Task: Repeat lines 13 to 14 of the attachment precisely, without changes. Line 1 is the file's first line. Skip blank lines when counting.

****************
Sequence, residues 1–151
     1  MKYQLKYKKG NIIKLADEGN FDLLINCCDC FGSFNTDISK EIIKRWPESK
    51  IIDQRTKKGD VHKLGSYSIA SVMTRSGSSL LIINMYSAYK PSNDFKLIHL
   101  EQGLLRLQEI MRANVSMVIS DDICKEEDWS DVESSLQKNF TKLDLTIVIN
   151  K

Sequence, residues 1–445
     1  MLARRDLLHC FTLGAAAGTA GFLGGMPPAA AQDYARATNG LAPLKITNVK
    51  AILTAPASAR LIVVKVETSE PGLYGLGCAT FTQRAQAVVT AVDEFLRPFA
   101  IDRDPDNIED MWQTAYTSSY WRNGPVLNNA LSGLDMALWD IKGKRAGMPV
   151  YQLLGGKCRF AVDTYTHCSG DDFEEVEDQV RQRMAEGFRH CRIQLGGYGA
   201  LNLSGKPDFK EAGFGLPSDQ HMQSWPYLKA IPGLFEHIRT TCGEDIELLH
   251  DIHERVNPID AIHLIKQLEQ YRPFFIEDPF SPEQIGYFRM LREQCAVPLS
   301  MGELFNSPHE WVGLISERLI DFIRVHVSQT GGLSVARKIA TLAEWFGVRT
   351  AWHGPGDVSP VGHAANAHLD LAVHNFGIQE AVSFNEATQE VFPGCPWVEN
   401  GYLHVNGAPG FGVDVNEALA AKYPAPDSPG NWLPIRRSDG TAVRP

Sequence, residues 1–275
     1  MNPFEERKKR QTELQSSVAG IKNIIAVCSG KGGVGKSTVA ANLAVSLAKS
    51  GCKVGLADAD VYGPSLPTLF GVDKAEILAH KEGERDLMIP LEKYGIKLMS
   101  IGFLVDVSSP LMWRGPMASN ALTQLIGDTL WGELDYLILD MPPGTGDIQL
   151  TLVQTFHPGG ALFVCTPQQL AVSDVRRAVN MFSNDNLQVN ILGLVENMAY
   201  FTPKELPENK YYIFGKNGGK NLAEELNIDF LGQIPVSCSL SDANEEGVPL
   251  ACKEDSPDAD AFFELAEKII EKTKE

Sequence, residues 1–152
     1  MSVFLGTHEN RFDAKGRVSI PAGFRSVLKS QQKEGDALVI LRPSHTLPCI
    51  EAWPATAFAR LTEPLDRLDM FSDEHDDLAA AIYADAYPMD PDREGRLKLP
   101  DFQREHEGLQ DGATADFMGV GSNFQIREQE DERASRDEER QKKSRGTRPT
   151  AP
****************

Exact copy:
   301  MGELFNSPHE WVGLISERLI DFIRVHVSQT GGLSVARKIA TLAEWFGVRT
   351  AWHGPGDVSP VGHAANAHLD LAVHNFGIQE AVSFNEATQE VFPGCPWVEN